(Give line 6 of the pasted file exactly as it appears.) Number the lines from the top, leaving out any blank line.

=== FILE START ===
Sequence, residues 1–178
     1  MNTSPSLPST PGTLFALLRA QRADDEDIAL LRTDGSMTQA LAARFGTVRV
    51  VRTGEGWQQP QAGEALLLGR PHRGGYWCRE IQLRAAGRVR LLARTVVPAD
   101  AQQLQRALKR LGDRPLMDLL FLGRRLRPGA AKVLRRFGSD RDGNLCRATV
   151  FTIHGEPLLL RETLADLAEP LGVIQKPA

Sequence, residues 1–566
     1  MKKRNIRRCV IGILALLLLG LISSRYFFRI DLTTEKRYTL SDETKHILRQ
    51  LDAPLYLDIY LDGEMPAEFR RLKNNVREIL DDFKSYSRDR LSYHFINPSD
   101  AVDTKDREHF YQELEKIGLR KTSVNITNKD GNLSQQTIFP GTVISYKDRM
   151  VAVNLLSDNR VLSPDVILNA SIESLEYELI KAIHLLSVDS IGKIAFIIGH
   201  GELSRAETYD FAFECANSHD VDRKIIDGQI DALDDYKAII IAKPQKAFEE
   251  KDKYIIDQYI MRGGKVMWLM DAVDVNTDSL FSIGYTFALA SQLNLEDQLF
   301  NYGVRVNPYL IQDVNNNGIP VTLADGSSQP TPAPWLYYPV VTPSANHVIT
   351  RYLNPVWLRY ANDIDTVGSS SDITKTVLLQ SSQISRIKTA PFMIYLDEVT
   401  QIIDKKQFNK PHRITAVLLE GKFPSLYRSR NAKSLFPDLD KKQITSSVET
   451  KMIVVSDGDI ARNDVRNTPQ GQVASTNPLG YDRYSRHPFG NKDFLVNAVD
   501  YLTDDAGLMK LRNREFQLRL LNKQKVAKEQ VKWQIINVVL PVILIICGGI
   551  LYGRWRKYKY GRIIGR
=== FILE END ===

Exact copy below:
Sequence, residues 1–566